Connectivity & Access

The development around Longniddry Farm is not going to be a separate settlement, but will instead become an integral part of the village as a whole.

Lying within a 500m radius of the existing village centre, walking and cycling will be preferred over car use for the majority of local needs within the village. This will bring benefits in terms of health, the environment and social interaction.

Better and safer crossing points along Main Street will improve physical connectivity between the development and the current village. This will support community integration, with existing residents accessing facilities and amenities at the new development. Future residents of the development will also be able to easily and safely access the primary school, local shops and services.

With frequent train services to Edinburgh, and to a lesser extent North Berwick, Longniddry is in a highly sustainable location. The railway station is situated at the heart of the potential development and any new development will take advantage of the existing infrastructure and facilities. There are also regular bus services.

Proximity and walkability

Proximity and walkability are key to connectivity and integration, creating a walkable neighbourhood structured around a connected network of streets, not roads.

The proposals for Longniddry South are all within a 10-minute walk of the railway station, and 5-minute walk of the village centre and shops. This actually means that new development is closer to the village core than many parts of Glassel Park. Proposals to further assist integration will include the upgrading of existing connections under the railway line to aid pedestrian and cycle movement.

A range of direct and safe walking and cycling routes to the train station from every house is provided.

In recognition of the limited capacity of the existing station car park, a car park extension is proposed to the north of the railway line, on land within the control of the Estate, approximately doubling the amount of space available. In addition, we are working with Network Rail and East Lothian Council to extend the existing car park eastward. Some new car parking will also be provided south of the railway line.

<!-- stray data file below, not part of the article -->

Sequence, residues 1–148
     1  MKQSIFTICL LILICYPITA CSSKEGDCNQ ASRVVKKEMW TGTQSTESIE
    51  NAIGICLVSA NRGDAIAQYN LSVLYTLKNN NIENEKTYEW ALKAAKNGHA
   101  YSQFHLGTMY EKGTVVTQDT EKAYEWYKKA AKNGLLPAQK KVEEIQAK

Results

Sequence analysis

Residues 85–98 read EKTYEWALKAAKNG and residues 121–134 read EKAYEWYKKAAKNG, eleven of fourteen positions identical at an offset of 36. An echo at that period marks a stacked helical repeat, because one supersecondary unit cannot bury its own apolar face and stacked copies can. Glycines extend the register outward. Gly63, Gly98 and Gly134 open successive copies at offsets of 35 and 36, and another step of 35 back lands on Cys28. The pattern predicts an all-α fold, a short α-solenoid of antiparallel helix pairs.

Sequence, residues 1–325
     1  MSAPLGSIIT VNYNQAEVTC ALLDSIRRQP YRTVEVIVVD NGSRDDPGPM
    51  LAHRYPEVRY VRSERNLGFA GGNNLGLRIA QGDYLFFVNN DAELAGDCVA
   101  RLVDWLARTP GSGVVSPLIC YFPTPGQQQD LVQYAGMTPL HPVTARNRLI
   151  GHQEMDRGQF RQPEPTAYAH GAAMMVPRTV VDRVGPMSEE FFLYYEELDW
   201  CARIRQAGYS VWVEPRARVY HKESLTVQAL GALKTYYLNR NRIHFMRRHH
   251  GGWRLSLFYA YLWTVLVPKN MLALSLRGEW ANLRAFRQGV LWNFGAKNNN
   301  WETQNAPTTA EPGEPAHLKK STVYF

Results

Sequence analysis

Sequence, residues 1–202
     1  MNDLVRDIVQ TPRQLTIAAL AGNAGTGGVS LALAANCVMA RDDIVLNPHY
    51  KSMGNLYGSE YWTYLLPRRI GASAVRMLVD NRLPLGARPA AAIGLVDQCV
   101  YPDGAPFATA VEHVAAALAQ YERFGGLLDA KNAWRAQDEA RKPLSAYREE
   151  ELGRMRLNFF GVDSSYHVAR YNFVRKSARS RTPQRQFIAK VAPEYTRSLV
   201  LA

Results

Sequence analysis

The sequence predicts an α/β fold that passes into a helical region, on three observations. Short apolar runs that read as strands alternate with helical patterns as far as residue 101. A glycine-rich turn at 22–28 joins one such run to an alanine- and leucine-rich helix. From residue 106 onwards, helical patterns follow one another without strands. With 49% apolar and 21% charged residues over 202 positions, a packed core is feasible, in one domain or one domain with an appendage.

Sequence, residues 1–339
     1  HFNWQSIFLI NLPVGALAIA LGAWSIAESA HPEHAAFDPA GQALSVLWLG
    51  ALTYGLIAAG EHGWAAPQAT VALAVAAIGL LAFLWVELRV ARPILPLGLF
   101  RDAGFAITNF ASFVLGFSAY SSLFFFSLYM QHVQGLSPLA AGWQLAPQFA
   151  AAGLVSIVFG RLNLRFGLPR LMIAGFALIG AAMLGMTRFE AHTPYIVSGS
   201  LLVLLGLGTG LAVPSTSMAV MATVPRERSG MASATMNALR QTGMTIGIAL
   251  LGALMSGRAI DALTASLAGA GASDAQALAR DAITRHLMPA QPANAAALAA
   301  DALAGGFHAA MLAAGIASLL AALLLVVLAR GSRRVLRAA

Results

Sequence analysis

A series of footpaths are proposed which run through the proposed network of green spaces and joins existing paths through wider green networks.

Traffic and access

Modelling shows that the majority of traffic generated from the new development will typically travel to the A1 via the B6363 (Coal Road) and the Gladsmuir Junction. As a result the impact of this development on roads and junctions within the village will be minimal. The entire length of the B6363 from the Lorne Bridge to the Gladsmuir Junction has been analysed and a series of improvements are proposed, including widenings and additional road markings.

From the B6363 there will be three junctions into the Longniddry South development, the middle of which will be the principle access. The 30mph limit will start at the southern boundary of the development. The development itself is designed for vehicle speeds of no more than 20mph.

Main Street improvements

A series of improvements are proposed along Main Street to slow down speeding traffic and to make crossing the road much easier and safer for pedestrians.

Pavements will be widened on either side of the street, reducing the carriageway width and making Main Street more pedestrian friendly. A central reservation will also be introduced along a section of Main Street to give the impression of a narrower road, which will slow vehicles further.

The existing signalised pedestrian crossing will be relocated 100m to the east, to the Argyll Bridge, to provide a safer and more direct route to school.

At the Lorne Bridge the junction will be signalised and include a pedestrian crossing. This will improve road safety for all road users. Several additional kerb crossings are also proposed along Main Street.

Taken together, this substantial package of measures will improve safety for pedestrians, enhance the physical environment of Main Street and also serve to connect and integrate the development around Longniddry Farm with the village.